Home Page arrow Chess Life Online arrow Archives arrow WGM Rusudan Goletiani
WGM Rusudan Goletiani Print E-mail
WGM Rusudan Goletiani
Photo Jennifer Shahade

Rusudan "Rusa" Goletiani is known for her strong nerves and fighting spirit. Whether she is playing a much lower rated player or a GM for the championship game, she devotes all her energy to the game. One of Rusa's biggest triumphs was at the 2008 Dresden, Germany Olympiad, where she scored 9/11 on board three, netting an individual silver medal and more importantly, helping the American women earn bronze medals.

Rusudan's victories in three pressure packed World Youth competitions (1995- 1997) leave little doubt about her talent. Indeed, Rusa is considered by many to be potentially even stronger than results such as these would indicate. Limited time for study has restricted her opening repertoire. Until recently, she has employed very offbeat lines such as 1.Nf3, 2.b3, often following up with a Kingside fianchetto (g3). As Black she played the Snake Benoni ---a cool name for a dubious opening. It appeared that Rusa hoped to avoid theory while getting by on her middlegame skills. The problem with such a long-term strategy is that it fails to consider how important it is for top players to gain an edge with white.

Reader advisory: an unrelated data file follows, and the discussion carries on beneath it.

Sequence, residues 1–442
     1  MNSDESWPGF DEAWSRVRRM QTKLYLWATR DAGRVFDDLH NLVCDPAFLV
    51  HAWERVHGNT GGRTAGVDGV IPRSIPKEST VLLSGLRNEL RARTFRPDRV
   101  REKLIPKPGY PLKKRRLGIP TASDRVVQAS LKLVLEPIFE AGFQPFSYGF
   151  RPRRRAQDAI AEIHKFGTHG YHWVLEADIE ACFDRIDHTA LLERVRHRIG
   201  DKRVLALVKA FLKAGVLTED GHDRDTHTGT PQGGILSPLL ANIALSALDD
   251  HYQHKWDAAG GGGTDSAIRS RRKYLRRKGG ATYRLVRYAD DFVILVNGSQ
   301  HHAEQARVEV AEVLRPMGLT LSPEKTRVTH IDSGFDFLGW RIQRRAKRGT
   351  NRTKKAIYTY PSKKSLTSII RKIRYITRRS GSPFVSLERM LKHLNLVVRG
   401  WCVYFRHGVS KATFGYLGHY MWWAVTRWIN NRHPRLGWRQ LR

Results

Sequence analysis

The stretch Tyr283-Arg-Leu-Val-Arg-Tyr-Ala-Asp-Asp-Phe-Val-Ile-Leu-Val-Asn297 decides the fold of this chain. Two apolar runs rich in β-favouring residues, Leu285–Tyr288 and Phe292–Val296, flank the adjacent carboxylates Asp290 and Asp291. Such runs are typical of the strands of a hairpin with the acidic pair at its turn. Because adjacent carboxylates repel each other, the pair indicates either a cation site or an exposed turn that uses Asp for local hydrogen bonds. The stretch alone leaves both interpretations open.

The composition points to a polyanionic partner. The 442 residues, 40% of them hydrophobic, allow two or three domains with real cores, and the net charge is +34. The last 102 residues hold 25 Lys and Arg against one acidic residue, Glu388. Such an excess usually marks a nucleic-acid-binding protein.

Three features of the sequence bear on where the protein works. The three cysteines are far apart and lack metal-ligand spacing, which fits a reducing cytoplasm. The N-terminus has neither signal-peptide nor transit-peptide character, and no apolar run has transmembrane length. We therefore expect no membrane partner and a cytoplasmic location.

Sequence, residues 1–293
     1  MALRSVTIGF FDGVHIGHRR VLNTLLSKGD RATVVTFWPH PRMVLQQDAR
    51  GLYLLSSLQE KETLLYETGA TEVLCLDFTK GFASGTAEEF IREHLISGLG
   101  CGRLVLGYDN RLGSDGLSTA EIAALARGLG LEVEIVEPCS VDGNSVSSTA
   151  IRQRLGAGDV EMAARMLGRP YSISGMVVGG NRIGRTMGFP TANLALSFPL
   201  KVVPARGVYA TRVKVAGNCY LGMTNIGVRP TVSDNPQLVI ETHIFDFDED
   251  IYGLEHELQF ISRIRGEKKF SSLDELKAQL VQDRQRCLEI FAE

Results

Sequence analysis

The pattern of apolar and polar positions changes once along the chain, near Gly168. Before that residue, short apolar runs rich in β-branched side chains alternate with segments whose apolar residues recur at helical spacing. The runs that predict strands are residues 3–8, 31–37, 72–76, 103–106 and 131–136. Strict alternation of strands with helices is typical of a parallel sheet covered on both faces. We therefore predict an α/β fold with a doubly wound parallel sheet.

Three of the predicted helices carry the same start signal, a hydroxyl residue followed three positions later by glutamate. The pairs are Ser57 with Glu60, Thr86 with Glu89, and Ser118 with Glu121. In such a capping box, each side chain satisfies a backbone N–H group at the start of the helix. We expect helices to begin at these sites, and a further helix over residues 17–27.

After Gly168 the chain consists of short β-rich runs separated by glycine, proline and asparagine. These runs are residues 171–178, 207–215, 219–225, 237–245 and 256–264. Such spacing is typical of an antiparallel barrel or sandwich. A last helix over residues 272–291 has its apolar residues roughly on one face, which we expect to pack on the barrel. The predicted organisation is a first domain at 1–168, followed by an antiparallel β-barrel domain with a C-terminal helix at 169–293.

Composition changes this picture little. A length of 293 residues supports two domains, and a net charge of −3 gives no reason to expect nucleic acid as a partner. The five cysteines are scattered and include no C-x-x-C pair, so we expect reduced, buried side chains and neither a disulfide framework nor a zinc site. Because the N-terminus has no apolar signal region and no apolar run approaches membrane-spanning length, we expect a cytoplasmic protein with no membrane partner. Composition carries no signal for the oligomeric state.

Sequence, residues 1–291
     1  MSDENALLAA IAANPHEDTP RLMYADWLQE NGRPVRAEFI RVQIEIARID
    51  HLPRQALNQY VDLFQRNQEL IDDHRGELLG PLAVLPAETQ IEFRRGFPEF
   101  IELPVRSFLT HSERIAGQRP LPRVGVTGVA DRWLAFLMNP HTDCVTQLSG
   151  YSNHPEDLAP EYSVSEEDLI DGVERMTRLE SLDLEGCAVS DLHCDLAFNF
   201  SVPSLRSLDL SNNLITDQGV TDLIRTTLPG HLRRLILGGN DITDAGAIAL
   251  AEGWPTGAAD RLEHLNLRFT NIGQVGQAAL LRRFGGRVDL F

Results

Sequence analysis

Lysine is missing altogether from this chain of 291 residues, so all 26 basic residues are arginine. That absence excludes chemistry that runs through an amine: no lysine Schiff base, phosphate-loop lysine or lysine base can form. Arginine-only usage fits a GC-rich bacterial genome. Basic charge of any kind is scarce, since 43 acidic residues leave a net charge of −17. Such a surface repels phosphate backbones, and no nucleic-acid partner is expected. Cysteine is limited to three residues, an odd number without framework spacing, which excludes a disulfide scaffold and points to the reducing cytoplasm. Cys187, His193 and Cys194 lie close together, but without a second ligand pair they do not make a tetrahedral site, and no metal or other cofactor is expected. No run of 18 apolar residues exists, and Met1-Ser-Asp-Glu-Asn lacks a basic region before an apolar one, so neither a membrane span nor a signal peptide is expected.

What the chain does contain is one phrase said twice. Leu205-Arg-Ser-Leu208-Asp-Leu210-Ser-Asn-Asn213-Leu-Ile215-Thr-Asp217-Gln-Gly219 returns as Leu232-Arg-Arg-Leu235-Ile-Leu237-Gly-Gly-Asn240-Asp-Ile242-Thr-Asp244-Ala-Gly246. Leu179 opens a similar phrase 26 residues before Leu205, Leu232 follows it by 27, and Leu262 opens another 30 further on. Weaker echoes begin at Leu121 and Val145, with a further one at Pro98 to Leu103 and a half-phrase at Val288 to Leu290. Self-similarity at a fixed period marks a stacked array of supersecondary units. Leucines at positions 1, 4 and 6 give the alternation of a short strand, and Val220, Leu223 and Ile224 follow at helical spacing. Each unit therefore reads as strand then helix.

In 2004 Rusudan Goletiani was awarded the Samford Fellowship, which gives American world Championship contenders the financial security to focus solely on chess for two years. This award gave Rusa the opportunity to study chess more deeply and since receiving the fellowship she has started to play more conventional openings like the English.

In 2005 Rusudan became the U.S. Women's chess champion by defeating her friend Anna Zatonskih in the last game of the 9-round Swiss, then convincingly winning the playoff against the teenager Tatev Abrahayman. In 2006, Anna would come back to defeat Rusa in a two game match final. For Rusa, scoring a third IM norm in that tournament provided some consolation. Despite their spirited rivalry over national titles in both '05 and '06, Rusa and Anna could be seen dancing in a Brighton Beach nightclub after the 2006 Championship--- celebrating both Anna's victory and Rusa's birthday.

Rusa was born and raised in the women's chess Mecca of Georgia. Georgia, a tiny country bordering Armenia and Azerbaijan has borne two World Women's Champions and three gold Olympic team medals. Rusudan moved to the U.S in 2000. She now lives in Westchester, New York, where she is the co-owner of the Westchester Chess Academy , a chess training program.